Runner: Harry Jerome World’s Fastest Man

Harry Jerome World’s Fastest Man

by Norma Charles
Red Deer Press, 2017
ISBN 978-0-88995-553-0 (sc)
$12.95, 155 pp, ages 9+

Listed as a children’s non-fiction work on the publisher’s website, this book— about the intriguing and accomplished African-Canadian athlete, Harry Jerome—is nonetheless described as “a novel” on the cover. Author Norma Charles, who actually knew Harry Jerome back in the 1960s, has based much of this story on interviews, as well as primary and secondary sources, but she also admits that essentially “this book is a work of fiction, even though it is based on the life of someone I have come to greatly admire.” Raised in St. Boniface and then Vancouver in the 1940s and 1950s, Henry “Harry” Winston Jerome burst onto the track scene as a high school senior. At the age of 19 he became the world record holder for the 100-metre sprint, and would go on to compete at the Olympics in Rome, Tokyo, and Mexico City; the British Empire and Commonwealth Games in Australia and Jamaica; and the Pan Am Games in Winnipeg. Over that time he faced horrific injuries, a generally negative Canadian press corps, and widespread racism. Despite that, Jerome equalled or bettered more than half-a-dozen world records before he retired in 1968. Charles’ book shows the epithet “quitter,” which was often hurled at Jerome when he failed to live up to expectations at competitions, was completely off the mark.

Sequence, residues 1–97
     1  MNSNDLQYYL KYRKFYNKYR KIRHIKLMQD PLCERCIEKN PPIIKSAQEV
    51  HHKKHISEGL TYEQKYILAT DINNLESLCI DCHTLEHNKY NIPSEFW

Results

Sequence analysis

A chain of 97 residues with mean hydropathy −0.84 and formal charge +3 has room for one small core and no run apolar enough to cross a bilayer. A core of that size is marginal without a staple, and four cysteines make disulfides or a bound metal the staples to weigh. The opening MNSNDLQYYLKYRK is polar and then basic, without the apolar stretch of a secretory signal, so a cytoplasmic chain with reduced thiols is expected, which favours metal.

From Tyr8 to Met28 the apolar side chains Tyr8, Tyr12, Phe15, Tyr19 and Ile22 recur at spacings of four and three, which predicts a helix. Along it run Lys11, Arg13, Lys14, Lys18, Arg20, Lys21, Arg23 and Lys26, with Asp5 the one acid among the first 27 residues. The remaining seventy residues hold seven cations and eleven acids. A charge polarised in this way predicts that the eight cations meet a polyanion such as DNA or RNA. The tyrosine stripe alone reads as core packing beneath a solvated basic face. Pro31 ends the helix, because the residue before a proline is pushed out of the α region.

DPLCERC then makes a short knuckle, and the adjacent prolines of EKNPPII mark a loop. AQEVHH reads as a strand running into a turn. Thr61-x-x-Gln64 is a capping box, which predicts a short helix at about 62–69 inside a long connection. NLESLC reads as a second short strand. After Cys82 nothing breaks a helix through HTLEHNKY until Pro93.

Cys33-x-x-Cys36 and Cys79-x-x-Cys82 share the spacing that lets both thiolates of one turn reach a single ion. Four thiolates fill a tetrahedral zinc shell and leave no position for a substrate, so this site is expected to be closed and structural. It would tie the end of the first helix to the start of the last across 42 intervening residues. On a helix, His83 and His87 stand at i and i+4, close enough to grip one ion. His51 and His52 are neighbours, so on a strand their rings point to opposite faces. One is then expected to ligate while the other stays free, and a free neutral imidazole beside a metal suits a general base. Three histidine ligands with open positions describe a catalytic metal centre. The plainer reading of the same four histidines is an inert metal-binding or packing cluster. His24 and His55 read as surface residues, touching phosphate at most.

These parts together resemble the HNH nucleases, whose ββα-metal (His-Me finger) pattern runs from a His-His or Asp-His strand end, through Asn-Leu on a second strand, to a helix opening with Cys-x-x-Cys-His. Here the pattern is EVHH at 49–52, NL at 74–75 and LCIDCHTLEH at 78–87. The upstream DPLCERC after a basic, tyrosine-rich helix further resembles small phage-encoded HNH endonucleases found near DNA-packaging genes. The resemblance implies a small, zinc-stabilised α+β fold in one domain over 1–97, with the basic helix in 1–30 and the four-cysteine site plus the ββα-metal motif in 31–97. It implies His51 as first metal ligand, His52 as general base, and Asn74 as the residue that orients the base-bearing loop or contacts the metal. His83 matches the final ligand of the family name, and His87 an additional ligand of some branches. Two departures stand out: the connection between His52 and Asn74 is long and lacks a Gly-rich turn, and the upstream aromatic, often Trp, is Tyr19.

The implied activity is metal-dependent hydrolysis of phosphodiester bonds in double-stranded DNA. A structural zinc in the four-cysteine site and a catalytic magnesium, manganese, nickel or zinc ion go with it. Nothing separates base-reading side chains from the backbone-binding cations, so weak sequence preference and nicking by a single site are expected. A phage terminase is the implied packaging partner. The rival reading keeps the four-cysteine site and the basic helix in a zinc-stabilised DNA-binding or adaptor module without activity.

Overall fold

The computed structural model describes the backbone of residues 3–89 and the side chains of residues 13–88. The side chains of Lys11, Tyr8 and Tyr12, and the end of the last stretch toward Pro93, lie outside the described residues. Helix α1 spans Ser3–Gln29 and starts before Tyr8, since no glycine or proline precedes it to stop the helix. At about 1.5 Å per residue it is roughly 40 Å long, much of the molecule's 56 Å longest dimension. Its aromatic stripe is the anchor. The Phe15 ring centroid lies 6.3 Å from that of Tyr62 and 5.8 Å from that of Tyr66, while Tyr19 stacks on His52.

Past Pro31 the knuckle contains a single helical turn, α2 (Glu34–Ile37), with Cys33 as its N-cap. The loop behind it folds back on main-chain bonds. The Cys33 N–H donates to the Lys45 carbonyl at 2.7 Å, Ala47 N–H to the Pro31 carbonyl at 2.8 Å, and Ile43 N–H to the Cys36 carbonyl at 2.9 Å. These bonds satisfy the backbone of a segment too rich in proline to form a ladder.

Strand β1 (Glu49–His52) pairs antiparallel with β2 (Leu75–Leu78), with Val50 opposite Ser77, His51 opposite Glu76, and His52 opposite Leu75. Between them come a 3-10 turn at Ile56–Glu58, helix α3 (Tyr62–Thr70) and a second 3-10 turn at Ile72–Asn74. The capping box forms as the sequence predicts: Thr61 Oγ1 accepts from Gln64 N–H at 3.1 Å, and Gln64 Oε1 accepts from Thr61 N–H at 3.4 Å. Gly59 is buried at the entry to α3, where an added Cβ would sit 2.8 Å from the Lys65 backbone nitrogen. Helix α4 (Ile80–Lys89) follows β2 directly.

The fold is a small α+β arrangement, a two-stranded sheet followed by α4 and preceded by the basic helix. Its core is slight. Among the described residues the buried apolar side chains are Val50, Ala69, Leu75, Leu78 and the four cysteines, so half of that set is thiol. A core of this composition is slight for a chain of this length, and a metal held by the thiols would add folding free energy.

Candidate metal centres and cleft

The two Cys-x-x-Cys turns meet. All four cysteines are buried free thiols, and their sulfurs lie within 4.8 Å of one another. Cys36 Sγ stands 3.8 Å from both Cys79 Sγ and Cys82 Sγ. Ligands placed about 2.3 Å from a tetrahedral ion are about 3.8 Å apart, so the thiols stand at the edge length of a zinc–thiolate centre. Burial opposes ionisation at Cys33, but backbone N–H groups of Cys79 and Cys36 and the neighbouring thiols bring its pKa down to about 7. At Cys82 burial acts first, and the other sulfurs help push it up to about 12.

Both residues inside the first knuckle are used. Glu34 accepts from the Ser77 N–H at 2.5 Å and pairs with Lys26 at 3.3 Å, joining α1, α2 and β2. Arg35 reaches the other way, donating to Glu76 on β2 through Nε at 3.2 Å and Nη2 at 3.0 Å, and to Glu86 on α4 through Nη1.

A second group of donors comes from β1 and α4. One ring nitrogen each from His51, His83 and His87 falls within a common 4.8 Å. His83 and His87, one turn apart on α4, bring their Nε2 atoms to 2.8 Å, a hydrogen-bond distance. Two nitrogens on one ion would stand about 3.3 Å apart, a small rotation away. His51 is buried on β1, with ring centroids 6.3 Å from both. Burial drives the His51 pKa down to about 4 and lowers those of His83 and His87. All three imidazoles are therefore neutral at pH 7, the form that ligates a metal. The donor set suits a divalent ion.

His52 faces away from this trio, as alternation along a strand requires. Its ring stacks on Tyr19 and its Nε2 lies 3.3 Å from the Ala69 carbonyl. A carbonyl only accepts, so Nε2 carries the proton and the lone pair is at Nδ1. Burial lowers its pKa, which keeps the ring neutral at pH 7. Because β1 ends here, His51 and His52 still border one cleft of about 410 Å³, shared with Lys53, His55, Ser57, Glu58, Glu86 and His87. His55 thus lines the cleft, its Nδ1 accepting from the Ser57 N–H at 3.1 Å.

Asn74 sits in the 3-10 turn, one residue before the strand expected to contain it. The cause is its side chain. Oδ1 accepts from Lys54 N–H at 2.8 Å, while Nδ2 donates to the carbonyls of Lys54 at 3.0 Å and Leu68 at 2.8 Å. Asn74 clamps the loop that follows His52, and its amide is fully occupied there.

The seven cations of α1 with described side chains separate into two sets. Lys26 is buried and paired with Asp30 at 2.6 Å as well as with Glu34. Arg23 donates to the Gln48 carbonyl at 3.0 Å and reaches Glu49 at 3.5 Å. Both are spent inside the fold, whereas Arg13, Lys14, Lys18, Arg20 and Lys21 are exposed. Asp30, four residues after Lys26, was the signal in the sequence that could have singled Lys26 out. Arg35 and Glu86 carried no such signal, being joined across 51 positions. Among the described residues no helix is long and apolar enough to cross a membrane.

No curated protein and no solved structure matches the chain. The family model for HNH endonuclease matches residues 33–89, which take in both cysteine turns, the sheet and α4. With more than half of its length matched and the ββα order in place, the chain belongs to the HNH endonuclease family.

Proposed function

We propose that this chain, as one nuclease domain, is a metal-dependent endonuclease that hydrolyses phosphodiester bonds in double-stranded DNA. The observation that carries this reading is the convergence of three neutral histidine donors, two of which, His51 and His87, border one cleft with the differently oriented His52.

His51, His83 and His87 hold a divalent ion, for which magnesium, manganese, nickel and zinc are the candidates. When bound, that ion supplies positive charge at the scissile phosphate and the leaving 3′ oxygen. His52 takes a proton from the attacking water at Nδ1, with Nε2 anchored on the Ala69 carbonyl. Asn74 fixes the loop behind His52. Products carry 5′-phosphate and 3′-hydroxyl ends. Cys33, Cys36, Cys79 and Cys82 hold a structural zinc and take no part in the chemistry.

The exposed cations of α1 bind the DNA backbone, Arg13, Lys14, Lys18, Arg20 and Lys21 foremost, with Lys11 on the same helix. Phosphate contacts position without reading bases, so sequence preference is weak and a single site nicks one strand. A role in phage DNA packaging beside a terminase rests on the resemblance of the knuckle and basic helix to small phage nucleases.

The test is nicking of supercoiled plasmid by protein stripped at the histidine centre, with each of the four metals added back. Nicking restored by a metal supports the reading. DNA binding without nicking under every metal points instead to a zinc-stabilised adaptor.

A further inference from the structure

Classroom Connections: This work, aimed at junior-intermediate level readers, focuses mostly on Harry Jerome’s upbringing and his refusal to submit to the racist environment he was immersed in during his middle and high school years. The author spends fifteen chapters on that period, and just three on Jerome’s running career. But that is understandable since Charles explains she wanted to tell the story of a “kid who overcame tremendous hardships in his life to become the fastest man on earth.” Red Deer Press has not issued a teacher’s guide for this book but there are plenty of other avenues to explore here. For example, the National Film Board has both a short film and longer documentary (“Mighty Jerome”) that also have unit and lesson plans which could be adapted for use with Runner.

Review by George Sheppard.

This review is from Canadian Teacher Magazine’s Fall 2019 issue.

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